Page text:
177697 Household food insecurity and maternal depression in rural families

Tuesday, October 28, 2008: 10:50 AM

Leigh Ann Simmons, PhD , Family Studies and Health Services Management, University of Kentucky, Lexington, KY
Catherine Huddleston-Casas, PhD , Department of Child, Youth and Family Studies, University of Nebraska-Lincoln, Omaha Campus, Omaha, NE
Richard J. Charnigo, PhD , College of Public Health, University of Kentucky, Lexington, KY
Introduction: Cross-sectional research in urban populations suggests food insecurity, or being unable to obtain enough food to meet household needs due to inadequate resources, is associated with maternal depression. Given studies that show rural women have higher rates of both food insecurity and depression than their urban counterparts, this association needs further investigation among rural populations. Methods: The purpose of this study was to assess the longitudinal relationship between household food insecurity and maternal depression. Using three waves of data from NC-1011 Rural Families Speak (N=413), a multi-state study of low-income, rural families in the United States, we formulated and fit a structural equation model relating food insecurity and depression over time using AMOS, including testing whether food insecurity predicted depression or vice versa. We measured food insecurity using the Core Food Security Module and depression using the Center for Epidemiologic Studies-Depression Scale. Results: Findings suggest the causal relationship between household food insecurity and depression is bidirectional (fit indices for the full model: 2 = 7.340 on 4 df [p-value = .119, 2/df = 1.835]; RMSEA statistic = .068, and CFI = .989). Conclusions: The recursive nature of the relationship between food insecurity and maternal depression in rural households has implications for U.S. nutrition policy. Food stamp eligibility campaigns should focus on increasing access among the 33% of eligible rural residents who do not utilize this resource. Additionally, nutrition education programs should incorporate depression screenings into programming and make appropriate referrals to increase mental health care access within this population. Finally, mental health care providers in rural areas should screen for food insecurity as part of the psychosocial evaluation and make appropriate referrals to food stamp programs.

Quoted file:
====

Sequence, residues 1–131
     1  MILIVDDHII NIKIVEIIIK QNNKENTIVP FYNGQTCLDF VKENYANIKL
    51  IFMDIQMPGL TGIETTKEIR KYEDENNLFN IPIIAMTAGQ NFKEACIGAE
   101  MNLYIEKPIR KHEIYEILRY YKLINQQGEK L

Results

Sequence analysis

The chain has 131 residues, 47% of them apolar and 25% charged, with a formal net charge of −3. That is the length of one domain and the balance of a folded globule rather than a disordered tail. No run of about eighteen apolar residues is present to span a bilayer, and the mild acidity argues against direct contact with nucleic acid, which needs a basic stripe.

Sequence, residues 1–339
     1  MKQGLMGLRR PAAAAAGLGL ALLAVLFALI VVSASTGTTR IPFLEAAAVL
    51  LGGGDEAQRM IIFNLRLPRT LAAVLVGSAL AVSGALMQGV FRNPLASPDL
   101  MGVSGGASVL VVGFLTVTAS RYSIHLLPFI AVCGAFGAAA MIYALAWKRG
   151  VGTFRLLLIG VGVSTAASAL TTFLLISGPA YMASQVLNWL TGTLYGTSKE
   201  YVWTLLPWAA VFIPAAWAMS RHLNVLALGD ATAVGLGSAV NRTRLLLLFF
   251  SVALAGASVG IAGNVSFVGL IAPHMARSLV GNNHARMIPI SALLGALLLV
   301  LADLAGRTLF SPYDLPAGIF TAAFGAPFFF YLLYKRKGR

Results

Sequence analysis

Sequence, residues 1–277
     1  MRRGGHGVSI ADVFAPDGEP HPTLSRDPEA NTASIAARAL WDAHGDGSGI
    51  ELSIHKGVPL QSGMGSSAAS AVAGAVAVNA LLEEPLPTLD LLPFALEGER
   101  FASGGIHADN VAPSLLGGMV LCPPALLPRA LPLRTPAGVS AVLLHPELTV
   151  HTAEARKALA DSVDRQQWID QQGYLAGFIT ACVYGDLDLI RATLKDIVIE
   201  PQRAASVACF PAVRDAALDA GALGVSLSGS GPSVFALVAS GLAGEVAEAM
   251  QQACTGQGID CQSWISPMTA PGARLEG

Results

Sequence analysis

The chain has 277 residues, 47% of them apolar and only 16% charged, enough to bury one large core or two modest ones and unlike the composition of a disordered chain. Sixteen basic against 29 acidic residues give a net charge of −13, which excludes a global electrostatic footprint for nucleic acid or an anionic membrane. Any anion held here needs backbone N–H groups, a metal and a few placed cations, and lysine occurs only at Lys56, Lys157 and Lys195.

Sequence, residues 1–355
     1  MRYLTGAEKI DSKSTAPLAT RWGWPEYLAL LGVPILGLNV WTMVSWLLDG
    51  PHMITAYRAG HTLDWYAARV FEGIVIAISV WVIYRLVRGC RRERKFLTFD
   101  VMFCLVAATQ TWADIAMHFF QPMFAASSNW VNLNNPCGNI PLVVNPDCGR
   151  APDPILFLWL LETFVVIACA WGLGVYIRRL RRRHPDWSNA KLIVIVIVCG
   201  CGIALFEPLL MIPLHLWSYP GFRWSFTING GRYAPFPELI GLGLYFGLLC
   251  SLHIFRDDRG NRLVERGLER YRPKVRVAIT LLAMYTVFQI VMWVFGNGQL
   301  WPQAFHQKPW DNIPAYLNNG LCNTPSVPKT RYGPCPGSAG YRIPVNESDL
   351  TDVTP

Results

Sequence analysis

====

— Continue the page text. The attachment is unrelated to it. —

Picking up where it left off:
Learning Objectives:
(1) Discuss the current literature on the relationship between household food insecurity and maternal depression. (2) Describe the longitudinal relationship between household food insecurity and maternal depression in a sample of rural, low-income families. (3) Apply knowledge of the recursive nature of the relationship between household food insecurity and depression to nutrition education programs and policies.

Keywords: Food Security, Rural Populations

Presenting author's disclosure statement:

Qualified on the content I am responsible for because: I am senior author on this project.
Any relevant financial relationships? No

I agree to comply with the American Public Health Association Conflict of Interest and Commercial Support Guidelines, and to disclose to the participants any off-label or experimental uses of a commercial product or service discussed in my presentation.